by Marlie Whittle

“If you think you are too small to make a difference, try sleeping with a mosquito.”

Dalai Lama

Fundraising is about creating or strengthening the relationship between a person and the mission of an organization. This connection is created when the people closest to the cause, volunteers, staff, board members, those who receive the services or the donors, share their passion for the organization with excitement (or urgency) and authenticity.

The gift of telling stories can be cultivated and learned. We all have stories to tell. Some people naturally captivate an audience, engaging the listener with every minor detail, but most people need a bit of encouragement and guidance.

I found two simple but effective exercises in Bobette Buster’s book, Do Story – How to tell your story so the world listens, that will help develop your storytelling talents.

In the first exercise, Bobette challenges her readers to tell a story about a cause that they care deeply about. She offers that the storyteller should be careful not to rant or lecture. Instead they are encouraged to:

“Share your idea as a possibility to consider; come up with a gleaming detail, an image; hand over the spark – relay a small scenario that explains your passion. Most importantly, how has this changed you? Why do you care so much?”

In the second exercise, Bobette wants her reader to share a passion of theirs, and their reason behind that passion. To get to the root of why you love this thing, she offers the following questions:

“What is it that you love? What is it about you that you are revealing? When did you first ‘fall in love’ with this passion? What specifically captured your attention, altered your life course forever? How has this passion changed your life? Where has it led you? Be specific: give a small example, an action moment. What sense memory do you recall that relates to the event? How would you describe this passion to someone who has never experienced it or has no knowledge of it?”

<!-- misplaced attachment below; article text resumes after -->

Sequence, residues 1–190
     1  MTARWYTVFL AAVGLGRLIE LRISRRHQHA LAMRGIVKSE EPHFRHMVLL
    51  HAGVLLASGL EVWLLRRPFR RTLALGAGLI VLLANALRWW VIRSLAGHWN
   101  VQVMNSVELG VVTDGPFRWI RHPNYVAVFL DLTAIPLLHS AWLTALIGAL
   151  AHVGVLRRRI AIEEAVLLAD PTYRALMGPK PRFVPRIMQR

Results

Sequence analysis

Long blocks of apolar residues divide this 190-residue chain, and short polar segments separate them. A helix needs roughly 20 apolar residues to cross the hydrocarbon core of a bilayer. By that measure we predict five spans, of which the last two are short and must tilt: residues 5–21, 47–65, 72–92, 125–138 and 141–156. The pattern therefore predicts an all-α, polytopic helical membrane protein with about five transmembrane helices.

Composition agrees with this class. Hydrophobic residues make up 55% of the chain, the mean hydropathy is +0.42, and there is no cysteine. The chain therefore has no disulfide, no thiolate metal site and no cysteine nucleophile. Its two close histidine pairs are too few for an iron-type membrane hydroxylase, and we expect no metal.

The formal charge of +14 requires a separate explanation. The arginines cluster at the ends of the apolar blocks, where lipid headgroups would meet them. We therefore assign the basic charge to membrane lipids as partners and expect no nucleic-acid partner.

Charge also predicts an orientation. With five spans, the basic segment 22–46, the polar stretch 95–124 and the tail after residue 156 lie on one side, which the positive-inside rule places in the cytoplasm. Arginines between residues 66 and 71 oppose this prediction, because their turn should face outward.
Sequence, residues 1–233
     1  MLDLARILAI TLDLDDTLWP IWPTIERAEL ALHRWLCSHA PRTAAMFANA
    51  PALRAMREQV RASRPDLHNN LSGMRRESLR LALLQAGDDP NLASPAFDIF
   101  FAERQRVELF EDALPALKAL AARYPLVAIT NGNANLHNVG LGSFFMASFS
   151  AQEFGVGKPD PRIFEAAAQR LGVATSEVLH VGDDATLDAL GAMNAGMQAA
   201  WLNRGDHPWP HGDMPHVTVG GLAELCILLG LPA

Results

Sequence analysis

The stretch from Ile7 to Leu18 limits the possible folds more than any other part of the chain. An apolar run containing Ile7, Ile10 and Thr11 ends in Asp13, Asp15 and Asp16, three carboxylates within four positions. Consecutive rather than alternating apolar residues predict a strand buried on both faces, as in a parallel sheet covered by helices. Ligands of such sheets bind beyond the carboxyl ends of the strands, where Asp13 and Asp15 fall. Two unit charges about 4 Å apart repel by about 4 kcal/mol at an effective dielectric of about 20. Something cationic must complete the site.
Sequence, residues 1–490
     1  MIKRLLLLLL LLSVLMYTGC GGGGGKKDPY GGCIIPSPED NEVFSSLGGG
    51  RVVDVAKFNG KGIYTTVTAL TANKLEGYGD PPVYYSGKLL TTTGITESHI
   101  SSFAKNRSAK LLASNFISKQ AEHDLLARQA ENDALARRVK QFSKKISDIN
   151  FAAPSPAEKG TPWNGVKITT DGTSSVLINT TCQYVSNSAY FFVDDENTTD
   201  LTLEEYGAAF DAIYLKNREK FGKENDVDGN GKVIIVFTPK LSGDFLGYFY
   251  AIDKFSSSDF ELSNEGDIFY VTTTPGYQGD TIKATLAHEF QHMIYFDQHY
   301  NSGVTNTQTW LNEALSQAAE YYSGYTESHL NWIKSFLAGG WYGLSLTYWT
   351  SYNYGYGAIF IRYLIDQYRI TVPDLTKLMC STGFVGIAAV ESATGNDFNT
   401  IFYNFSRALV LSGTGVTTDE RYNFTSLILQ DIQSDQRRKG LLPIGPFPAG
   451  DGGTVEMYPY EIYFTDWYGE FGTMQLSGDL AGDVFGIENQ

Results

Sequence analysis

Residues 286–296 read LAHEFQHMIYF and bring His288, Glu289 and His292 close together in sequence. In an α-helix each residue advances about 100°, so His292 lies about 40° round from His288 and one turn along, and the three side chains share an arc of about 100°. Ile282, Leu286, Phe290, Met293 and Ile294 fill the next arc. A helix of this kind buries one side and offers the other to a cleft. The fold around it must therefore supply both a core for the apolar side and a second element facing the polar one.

She reminds the reader to “tell your story with a smile.”

Once you have thought of a perfect story to embody the mission of the organization and why it means so much to you personally, think about your audience and what they may find interesting. Depending on who you are speaking to, you may know your audience very well or have never met them. The context and environment in which you are meeting a potential donor should provide clues as to what sort of language to use in your story. The key to conveying your passion is authenticity but language is always an important consideration: use language that the audience will understand and connect with.

Human beings share their experience of the world through stories. Our most miraculous accomplishments and most devastating disasters have been told and re-told throughout the ages in a tradition that helps us understand where we come from. To be part of this tradition is human, so speak up, share your story and make a difference.